*We are aware that some believe in the doctrine that Yahweh is the name for both members of the God Family – the Father and the Son. However, the bible specifies that the name Yahweh is only the name of the One who spoke for the God Family. Moreover, He was the One who became the Christ of the New Testament. The doctrinal error of the one name for both God-the-Father and God-the-Son has occurred because of corruption in the Masoretic Text of the Old Testament. The Masoretic Jews believed that God was one being; therefore, they were not careful in their use of the Name Yahweh when they created their Hebrew Bible from the many manuscripts at their disposal. Regrettably, they destroyed the manuscripts, from which they created their bible, and we do not have an abundance of information to get at the truth. However, the Samaritan Pentateuch and the New Testament has enough information to prove corruption in the Masoretic Text on this matter. The following scriptures illustrate that YAHWEH is the name of the One who appeared to Abraham, Isaac and Jacob and that this Name belongs only to Him.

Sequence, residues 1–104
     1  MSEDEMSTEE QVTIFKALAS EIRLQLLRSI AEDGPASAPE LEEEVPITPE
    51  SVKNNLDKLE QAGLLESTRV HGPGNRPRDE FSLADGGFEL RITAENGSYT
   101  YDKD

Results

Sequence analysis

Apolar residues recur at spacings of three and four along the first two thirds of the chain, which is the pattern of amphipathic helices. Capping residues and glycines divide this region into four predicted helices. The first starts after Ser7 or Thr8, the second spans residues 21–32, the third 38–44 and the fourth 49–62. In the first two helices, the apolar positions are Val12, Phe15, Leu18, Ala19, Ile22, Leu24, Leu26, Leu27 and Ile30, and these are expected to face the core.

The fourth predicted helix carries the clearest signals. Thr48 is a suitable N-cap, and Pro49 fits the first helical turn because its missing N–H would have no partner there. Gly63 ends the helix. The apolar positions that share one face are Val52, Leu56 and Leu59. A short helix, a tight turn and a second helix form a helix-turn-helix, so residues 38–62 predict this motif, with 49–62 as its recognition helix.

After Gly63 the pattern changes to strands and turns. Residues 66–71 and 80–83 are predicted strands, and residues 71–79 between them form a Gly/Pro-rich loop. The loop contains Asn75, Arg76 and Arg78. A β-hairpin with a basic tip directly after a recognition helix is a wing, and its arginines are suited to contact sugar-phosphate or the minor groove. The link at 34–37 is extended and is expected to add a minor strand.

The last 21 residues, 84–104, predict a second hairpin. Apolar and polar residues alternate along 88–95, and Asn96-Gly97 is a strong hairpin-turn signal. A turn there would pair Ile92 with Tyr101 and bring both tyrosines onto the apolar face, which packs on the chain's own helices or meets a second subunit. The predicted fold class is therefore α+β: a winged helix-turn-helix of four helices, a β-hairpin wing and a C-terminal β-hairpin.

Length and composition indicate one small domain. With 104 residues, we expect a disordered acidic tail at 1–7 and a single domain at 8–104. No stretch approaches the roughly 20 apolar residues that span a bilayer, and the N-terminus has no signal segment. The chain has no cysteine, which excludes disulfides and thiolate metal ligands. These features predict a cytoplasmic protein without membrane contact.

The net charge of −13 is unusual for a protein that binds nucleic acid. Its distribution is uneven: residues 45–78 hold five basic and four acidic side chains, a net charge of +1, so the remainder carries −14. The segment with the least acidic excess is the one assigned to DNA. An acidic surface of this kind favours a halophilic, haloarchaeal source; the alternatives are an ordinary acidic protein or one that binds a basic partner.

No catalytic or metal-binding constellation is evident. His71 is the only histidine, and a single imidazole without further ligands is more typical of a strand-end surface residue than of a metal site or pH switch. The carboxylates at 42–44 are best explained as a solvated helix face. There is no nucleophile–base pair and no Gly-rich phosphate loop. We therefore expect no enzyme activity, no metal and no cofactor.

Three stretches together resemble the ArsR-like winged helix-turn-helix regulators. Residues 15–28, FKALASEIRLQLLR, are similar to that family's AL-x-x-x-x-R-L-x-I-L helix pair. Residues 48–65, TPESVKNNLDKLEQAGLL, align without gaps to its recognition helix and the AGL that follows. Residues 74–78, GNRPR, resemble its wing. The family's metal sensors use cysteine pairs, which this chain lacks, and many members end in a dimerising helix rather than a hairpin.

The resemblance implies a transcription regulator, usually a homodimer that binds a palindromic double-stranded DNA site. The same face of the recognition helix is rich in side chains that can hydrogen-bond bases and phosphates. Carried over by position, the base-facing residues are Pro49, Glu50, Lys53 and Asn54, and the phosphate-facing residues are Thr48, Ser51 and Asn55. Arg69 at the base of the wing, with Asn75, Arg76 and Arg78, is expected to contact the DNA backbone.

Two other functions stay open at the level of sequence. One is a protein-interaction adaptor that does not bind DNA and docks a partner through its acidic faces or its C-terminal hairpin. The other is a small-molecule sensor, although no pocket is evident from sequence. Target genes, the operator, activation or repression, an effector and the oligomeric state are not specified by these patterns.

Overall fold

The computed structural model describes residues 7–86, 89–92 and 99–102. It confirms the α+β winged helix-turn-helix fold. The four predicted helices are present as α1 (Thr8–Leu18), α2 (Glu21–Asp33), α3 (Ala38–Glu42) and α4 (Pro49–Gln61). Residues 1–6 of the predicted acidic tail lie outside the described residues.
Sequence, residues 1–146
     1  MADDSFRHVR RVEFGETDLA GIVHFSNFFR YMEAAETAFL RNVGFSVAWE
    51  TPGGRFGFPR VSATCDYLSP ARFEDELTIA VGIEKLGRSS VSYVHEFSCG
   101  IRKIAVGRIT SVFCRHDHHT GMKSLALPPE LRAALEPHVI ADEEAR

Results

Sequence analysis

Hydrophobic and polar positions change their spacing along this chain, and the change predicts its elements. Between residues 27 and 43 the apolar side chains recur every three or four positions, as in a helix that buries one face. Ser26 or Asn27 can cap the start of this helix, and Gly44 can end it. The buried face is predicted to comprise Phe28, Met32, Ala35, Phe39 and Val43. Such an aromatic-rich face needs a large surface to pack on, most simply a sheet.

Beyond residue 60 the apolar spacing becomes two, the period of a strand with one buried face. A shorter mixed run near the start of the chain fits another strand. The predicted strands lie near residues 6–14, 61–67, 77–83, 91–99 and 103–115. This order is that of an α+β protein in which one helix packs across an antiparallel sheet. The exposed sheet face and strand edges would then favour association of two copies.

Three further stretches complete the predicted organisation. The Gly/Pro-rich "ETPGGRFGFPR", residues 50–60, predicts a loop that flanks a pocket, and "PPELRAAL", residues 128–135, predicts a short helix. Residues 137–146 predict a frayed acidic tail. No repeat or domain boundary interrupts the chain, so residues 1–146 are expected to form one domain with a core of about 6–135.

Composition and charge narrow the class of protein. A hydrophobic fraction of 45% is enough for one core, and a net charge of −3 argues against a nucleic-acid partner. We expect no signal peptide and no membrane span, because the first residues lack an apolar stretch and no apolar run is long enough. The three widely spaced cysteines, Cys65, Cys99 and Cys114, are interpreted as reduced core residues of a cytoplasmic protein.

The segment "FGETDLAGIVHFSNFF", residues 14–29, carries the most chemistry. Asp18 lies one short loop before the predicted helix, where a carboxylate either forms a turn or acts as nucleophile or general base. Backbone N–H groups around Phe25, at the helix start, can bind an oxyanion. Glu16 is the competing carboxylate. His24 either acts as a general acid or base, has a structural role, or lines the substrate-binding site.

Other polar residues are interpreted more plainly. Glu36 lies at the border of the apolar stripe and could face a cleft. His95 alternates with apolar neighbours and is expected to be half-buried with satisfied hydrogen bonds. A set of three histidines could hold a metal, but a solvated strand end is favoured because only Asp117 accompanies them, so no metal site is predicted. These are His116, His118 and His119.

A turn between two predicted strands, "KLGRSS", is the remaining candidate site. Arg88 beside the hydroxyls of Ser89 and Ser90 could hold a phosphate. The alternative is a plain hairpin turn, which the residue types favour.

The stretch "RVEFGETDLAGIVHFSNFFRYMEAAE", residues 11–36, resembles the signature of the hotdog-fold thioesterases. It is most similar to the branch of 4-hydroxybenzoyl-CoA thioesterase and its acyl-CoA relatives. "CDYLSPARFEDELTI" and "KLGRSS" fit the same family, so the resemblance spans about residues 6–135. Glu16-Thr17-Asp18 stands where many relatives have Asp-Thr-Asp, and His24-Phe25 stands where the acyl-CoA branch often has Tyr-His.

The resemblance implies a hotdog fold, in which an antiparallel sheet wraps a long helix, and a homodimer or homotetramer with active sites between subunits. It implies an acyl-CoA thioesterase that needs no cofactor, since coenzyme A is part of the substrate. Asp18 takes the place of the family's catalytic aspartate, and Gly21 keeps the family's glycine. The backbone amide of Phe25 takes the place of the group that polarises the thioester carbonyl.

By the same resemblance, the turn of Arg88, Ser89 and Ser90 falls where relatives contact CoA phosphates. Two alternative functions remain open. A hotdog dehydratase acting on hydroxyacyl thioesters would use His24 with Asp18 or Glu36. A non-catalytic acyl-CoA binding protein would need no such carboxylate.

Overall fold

Psalms 83:18 That they may know that You, whose name alone [is] the LORD (YAHWEH), [Are] the Most High over all the earth.
Jeremiah 16:21 "Therefore behold, I will this once cause them to know, I will cause them to know My hand and My might; And they shall know that My name [is] the LORD (YAHWEH).
Exodus 6:3 "I appeared to Abraham, to Isaac, and to Jacob, as God Almighty, but [by] My name LORD (YAHWEH) I was not known to them.
Isaiah 42:8 I [am] the LORD (YAHWEH), that [is] My name; And My glory I will not give to another, Nor My praise to carved images.